The desire of an average Santa Monica College student for waiting in three lines to buy textbooks can only be coupled by the equal desire to pay hundreds of dollars for books they will use for three months and then never open again. Returning to SMC for a new semester has a different purpose for many, but one common denominator held by most Corsairs is the necessity to purchase textbooks for classes. Whether used or new, the cost of textbooks is always on the rise, with new editions hitting the shelves halfway through your current semester. USA Today reported that a 2005 report by the Government Accountability Office stated that college textbooks consist of nearly three quarters of tuition costs at the community college level. So then, what is the reasoning for putting such a high price tag on textbooks?
One can argue that the price of textbooks is simply a strategic move by textbook companies to maximize profits. While this may be true, the reasoning behind gaining these profits may change your opinion of textbook companies from price gougers to one more sympathetic. Since the birth of the used book market, textbook companies have taken an economic hit, since used book sales enable numerous students to use one product repeatedly as opposed to each purchasing a new textbook. To combat the situation, textbook companies must raise prices in order to keep a steady profit, and now textbook companies are trying new ways of limiting the used book market.
A typical scenario for any SMC student involves the student purchasing texts for the new semester only to sell them back to the bookstore at the end of said semester in attempts to collect money for the now purposeless books. There are three snags to this formula, however, which surely infuriate many who have attempted this. For one, the edition of a textbook is an old one, and the bookstores have no use for an old edition. Strike one. Well, what about a current chemistry textbook that was purchased only two months ago? Does it contain software to use with the text? Sorry, but once opened, textbooks with accompanying software cannot be sold. Strike two. Fine, then what about selling a political science loose-leaf text that was purchased recently? Unfortunately, loose-leaf texts also fall into the category of blacklisted textbooks that will not be bought back. Three strikes, you're out.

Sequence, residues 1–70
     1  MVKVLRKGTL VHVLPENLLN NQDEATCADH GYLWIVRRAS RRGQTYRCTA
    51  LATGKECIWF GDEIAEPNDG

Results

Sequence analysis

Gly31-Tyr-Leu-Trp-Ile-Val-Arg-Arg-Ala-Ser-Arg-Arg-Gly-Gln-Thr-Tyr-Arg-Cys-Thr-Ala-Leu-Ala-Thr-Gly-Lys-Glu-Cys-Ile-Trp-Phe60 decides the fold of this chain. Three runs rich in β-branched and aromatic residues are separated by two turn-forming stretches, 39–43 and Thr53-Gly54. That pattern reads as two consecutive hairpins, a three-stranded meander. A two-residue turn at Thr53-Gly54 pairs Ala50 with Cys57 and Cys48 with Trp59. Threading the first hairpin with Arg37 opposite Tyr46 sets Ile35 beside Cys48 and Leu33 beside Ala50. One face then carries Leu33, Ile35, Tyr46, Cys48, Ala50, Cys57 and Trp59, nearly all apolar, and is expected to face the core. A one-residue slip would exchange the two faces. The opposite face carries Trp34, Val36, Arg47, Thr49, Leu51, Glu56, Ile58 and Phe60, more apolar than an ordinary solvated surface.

The three snags above are the methods in which textbook companies can force students to purchase new texts as well as limiting the influx of these texts into the used book market. While students may cry foul in regards to the textbook companies, one can't blame a company for trying to recoup profits, regardless of whether or not the product is related to one's education or not.
On the bright side, when trying to remedy the economic hit that textbooks cause, some of the best options available can be accessed right at home. Online bookstores such as Alibris and even Amazon offer extensive used book sections that can help students scrimp and save by taking tens of dollars off the cost of each textbook. Of course, looking up the required texts for a course ahead of time is recommended, as these online options tend to take up to two weeks for textbooks to be delivered from all parts of the country. Some teachers offer their classes in eBook form, having the text online or available for download at often half the price of the print counterpart.
Regardless, textbooks do not appear to be declining in price any time soon, so the best option may be to find the best deals possible on used texts. And for those with texts you cannot resell, at least you have a copy of last year's texts to act as a paperweights, table art, or kindling.